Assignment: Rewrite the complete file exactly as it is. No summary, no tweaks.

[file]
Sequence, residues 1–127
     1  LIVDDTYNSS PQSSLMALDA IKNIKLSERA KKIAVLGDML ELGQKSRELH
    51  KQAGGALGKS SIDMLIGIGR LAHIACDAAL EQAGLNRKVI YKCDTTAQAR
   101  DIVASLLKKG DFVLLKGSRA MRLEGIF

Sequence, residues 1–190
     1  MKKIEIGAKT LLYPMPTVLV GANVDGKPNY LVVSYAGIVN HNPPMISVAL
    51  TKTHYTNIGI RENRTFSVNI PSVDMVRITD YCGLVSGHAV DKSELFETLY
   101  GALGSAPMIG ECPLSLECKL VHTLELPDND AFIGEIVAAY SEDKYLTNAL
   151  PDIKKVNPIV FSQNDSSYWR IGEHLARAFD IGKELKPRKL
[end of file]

Sequence, residues 1–127
     1  LIVDDTYNSS PQSSLMALDA IKNIKLSERA KKIAVLGDML ELGQKSRELH
    51  KQAGGALGKS SIDMLIGIGR LAHIACDAAL EQAGLNRKVI YKCDTTAQAR
   101  DIVASLLKKG DFVLLKGSRA MRLEGIF

Sequence, residues 1–190
     1  MKKIEIGAKT LLYPMPTVLV GANVDGKPNY LVVSYAGIVN HNPPMISVAL
    51  TKTHYTNIGI RENRTFSVNI PSVDMVRITD YCGLVSGHAV DKSELFETLY
   101  GALGSAPMIG ECPLSLECKL VHTLELPDND AFIGEIVAAY SEDKYLTNAL
   151  PDIKKVNPIV FSQNDSSYWR IGEHLARAFD IGKELKPRKL